I am creating a series of blog posts that collectively are designed to help anyone preparing for the Microsoft Dynamics 365 Customer Engagement Core exam. (aka MB-200) In this post I will look at concepts around business rules.
You can see below that we have a section of the exam which covers managing the user experience. Within this section under the heading “Create and manage processes” business rules are mentioned.
With business rules we can create complex rules that conditionally effect the user experience by allowing us to;
- Offer recommendations to users
- Lock / unlock (enable/disable) fields
- Show error messages
- Set fields to specific values
- Set default values
- Make fields mandatory
- Hide and show fields
Another nice thing about business rules is we can define their scope, so that they can be applied to a specific form, all forms or even operate at an entity level. Business rules represent client-side logic that is applied on the form as the form is opened. Also, additionally, when defined as entity level the business rule logic can be applied at a server level. Meaning server side business rules run client-side and server-side. Entity level rules are triggered as users interact with the form AND they run on the server when a record is created or saved.
Business rules that have a scope of “entity” are supported with editable grids.
You should be aware that all of the fields referenced on a business rule must exist on the form (or editable grid). If we have a business rule that runs on a form that references fields that aren’t available it simply doesn’t run.
We have two methods of accessing business rules for an entity. The newer interface is “make.powerapps.com”. (I recommend you use this one.) But as this is still pretty new we do have a “switch to classic” option that will open the older style app configuration options.
WITHIN THE CLASSIC INTERFACE … we have a business rule options on the entity, form and even on fields. When viewing business rules, at an entity level we see all the business rules. When we view the business rules from a form we’ll see all the rules that apply to that form. And if we view them from a field within a form we’ll see only the business rules which could use or impact that specific field. Meaning the rules are displayed from the perspective that they are being viewed.
WITHIN THE NEWER maker.powerapps.com INTERFACE … to view, amend and create business rules open the entity. You can see a list of business rules associated with the entity. But when you load the new form editor you do not see business rules. Meaning the rules are now only display at an entity level.
Below you can see that within “make.powerapps.com” I have opened my solution and selected to edit an entity. Within the tabs available for the entity I have business rules.
Business Rules Scope
There are three options possible for the scope of a business rule;
- Single Form Scope – Use this when a business rule specifically applies to a single form. It involves selecting a specific form name.
- All Forms – Use this to apply the business rule to all forms. (Including main and quick create forms.)
- Entity – Use this to run the business rule at a form and server level. (Server level being triggered by a create or update of data.) Useful if the rule is to be applied not only on forms but when data is imported. Also useful if the business rule is to be applied to editable grids.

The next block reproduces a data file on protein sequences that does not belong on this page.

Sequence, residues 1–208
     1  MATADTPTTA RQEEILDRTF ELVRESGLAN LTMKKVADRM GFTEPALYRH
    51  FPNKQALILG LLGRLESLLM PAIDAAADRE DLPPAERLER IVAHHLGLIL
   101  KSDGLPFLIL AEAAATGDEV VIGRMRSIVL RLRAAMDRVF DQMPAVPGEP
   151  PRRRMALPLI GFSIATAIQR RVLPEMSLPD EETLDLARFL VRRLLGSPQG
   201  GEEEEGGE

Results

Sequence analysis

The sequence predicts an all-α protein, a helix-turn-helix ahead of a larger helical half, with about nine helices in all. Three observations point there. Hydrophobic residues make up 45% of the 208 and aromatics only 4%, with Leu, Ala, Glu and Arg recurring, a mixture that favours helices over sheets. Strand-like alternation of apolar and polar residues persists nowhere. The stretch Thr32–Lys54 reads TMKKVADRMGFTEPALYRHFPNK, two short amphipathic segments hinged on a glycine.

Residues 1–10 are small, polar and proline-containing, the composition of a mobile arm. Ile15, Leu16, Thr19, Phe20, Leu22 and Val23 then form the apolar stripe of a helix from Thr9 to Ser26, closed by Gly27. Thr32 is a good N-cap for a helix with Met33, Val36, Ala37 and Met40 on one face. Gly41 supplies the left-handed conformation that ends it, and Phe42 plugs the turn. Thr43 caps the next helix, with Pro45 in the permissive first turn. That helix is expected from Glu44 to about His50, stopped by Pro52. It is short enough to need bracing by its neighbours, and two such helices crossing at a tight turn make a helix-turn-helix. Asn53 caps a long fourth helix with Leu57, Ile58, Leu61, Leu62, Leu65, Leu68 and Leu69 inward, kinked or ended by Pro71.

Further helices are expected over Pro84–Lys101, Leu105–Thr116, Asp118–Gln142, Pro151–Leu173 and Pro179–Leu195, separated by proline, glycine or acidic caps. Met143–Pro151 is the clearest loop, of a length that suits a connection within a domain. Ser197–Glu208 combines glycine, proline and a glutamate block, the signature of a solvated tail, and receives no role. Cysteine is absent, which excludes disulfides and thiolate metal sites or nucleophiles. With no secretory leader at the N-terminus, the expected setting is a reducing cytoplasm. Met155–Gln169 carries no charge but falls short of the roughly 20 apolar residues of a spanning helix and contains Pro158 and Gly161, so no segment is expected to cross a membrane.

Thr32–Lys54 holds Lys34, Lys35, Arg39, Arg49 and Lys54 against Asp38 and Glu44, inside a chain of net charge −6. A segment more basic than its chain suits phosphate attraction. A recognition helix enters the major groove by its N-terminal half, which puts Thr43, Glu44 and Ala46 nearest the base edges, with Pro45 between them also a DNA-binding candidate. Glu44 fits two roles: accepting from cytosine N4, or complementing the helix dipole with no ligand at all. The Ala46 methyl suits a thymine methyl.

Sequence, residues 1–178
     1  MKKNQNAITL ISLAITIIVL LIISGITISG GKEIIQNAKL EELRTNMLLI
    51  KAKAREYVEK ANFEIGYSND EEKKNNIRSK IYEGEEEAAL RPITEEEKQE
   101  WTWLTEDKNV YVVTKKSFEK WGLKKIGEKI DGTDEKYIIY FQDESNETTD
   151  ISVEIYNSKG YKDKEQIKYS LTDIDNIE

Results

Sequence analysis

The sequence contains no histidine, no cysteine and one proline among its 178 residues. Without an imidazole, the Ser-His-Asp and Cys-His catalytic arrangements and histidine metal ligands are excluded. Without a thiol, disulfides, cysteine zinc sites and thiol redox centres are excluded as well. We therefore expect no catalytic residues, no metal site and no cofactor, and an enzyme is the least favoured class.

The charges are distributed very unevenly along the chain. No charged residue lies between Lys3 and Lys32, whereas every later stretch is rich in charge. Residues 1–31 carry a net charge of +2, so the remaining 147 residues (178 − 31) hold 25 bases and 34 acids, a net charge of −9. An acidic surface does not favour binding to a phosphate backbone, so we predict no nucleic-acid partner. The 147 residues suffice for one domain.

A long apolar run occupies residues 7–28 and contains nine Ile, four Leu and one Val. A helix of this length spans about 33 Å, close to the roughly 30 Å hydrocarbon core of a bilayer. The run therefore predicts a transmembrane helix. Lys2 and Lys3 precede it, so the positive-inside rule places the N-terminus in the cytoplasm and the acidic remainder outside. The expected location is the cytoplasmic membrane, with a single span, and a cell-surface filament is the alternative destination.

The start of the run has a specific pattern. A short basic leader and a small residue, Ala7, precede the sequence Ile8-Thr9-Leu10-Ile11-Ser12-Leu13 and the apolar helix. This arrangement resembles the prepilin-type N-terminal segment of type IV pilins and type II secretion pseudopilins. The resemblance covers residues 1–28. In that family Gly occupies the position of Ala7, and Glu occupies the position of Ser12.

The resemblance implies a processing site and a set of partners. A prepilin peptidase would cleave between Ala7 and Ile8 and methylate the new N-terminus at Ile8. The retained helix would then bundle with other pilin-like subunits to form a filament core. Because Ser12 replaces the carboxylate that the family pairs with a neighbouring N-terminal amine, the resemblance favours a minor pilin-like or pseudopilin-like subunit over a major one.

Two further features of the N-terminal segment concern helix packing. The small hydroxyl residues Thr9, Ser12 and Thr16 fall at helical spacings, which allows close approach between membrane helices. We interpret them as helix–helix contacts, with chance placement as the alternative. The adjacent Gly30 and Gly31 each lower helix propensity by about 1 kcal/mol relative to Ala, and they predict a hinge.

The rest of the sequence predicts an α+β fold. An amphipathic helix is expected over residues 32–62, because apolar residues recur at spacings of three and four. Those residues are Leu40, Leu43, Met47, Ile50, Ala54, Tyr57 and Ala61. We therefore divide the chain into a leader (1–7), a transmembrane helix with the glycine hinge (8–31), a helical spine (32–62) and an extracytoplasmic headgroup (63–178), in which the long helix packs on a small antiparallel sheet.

Tip: To change the scope on an active business rule, you will need to deactivate it before making the change. (Or any change to an active rule for that matter!)
Business Rule Designer
The introduction of Dynamics 365 gave us a new form designed for business rules. Meaning we can create business rules using a drop and drag interface. The designer also gives a graphical representation of business rules that help to make them easy to understand.
When the new designer was first launched I created a blog post to describe this new feature. You may find that post useful. (It also describes the recommendations feature!) You can view that post here.
Part of your revision should include getting some hands-on experience of the business rule designer, so that you become familiar with its key features. Including the minim map and text view features.
Business Rules Example
The best way to explain business rules might be to show a quick example. Below you can see an example of a business rule.
All business rules will have at least one condition. But as you can see we can add more if required. Meaning you can create if, else if and else constructs.
Linked to each result of the condition you can add a number of actions. (or other conditions.) As already mentioned these actions can be used to hide fields, set field values etc.
When considering conditions in business rules it is important to be aware that a condition can have several parts and they can have and / or logic applied. (The default being and.)
The rule above has two conditions based on the relationship type with the account. If the account is a customer that I make the price list mandatory, and default the category and payment terms fields. For suppliers we do different things. Etc. Below you can see that because this account has been set to scustomer then the price list is mandatory, and payment terms / category has been given specific values.
Having created and saved your business rule, you will need to ensure it is activated. Once activated you need to deactivate the business rule to change it.
Each action has slightly different parameters. With set field, for example, you pick the field and then opt to set it to a value or another field. The best approach to learn how the different actions work will definitely be to try some out to see what happens.
I hope this post has given you a feel for how business rules work and some of the concepts you’ll need to cover for the MB 200 exam. As always, this is an important area to get some hands-on experience of.